Determining the feasibility of measuring outdoor road cycling kinematics using inertial motion capture technology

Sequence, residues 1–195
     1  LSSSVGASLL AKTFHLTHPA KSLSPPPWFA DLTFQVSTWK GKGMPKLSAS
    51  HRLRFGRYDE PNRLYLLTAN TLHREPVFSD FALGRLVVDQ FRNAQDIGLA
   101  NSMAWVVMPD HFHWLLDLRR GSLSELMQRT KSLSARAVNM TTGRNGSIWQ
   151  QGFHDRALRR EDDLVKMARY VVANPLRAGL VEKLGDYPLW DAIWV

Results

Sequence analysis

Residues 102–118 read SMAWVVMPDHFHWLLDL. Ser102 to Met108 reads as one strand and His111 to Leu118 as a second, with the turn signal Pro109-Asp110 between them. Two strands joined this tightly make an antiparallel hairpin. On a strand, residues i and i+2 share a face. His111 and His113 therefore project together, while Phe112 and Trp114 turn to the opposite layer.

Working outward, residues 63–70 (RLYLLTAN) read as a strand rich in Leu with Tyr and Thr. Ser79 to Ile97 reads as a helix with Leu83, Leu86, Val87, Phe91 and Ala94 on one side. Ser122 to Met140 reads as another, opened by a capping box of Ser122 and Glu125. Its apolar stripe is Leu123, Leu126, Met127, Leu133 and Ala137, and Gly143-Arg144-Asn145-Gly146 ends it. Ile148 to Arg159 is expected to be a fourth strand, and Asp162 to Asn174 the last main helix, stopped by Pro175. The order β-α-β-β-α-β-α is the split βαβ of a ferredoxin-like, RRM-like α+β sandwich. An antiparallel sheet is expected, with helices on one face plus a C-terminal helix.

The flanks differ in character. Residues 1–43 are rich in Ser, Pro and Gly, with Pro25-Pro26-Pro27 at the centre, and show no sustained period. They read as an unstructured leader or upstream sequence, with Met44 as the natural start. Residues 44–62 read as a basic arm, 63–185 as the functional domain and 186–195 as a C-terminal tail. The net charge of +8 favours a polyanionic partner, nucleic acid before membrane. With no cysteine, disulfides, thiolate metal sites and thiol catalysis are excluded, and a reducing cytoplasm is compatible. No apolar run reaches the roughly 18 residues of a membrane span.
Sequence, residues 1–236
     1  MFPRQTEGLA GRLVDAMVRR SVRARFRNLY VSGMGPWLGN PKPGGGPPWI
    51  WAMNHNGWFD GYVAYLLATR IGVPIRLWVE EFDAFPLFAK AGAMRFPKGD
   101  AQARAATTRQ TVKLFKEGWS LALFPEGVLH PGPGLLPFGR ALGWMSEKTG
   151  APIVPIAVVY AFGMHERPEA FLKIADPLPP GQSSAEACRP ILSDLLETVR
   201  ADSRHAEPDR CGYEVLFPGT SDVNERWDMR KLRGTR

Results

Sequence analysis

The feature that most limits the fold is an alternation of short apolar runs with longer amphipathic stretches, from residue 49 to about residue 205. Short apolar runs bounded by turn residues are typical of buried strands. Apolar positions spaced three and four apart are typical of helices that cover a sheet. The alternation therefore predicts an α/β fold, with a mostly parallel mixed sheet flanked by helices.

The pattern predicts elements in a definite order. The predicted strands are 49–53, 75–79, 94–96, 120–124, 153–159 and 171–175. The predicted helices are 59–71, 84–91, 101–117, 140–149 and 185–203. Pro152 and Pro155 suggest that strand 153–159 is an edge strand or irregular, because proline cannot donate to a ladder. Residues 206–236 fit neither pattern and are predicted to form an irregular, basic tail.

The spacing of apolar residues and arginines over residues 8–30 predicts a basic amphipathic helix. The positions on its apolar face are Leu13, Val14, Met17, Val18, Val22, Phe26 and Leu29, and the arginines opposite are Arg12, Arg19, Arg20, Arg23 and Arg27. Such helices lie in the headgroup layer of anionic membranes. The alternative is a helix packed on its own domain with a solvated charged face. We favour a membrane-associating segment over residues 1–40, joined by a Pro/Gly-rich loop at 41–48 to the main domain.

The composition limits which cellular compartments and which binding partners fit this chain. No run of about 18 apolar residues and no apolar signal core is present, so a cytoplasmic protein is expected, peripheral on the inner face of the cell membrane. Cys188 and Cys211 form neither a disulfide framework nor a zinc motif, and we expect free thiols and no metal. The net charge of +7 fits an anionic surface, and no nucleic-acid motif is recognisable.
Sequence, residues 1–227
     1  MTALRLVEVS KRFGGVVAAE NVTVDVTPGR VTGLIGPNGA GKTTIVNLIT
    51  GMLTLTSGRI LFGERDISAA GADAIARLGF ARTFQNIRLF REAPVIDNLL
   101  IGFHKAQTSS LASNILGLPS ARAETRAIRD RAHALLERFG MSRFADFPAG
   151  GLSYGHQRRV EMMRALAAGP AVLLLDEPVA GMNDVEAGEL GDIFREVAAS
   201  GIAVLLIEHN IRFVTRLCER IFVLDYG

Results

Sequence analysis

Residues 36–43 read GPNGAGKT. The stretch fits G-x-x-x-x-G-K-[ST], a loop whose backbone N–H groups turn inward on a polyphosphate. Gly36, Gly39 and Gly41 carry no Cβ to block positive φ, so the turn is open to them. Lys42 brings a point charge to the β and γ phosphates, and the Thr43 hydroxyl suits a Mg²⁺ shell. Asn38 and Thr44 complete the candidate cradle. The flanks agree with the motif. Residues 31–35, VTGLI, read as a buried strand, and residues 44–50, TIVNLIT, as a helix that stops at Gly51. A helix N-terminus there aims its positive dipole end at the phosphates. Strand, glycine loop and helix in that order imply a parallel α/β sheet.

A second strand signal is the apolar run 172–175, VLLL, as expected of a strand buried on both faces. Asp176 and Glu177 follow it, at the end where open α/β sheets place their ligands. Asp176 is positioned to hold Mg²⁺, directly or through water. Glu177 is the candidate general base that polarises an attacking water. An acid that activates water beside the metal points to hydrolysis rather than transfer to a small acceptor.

Unlike traditional optical systems, inertial motion capture systems (IMSs) can measure human kinematics outdoors as well as in a laboratory. However, these systems are sensitive to magnetic interference. This study evaluated an IMS for use in sports performance analysis, using road cycling as a case study. The objective was to establish the feasibility of obtaining accurate outdoor kinematic data on competition-level road bicycles. Ten male cyclists were recorded on their own bicycle on a stretch of road wearing the IMS. Results revealed unacceptable magnetic interference to the IMS near the pedal and handlebar interfaces. Therefore, accurate full-body cycling kinematics is not currently feasible on most competition-level road bicycles. However, lower limb flexion measurements are possible using the IMS's kinematic coupling algorithm which obtained RMS errors of less than 3.5° for all joints in a benchmark test with an optical system regarded as gold-standard.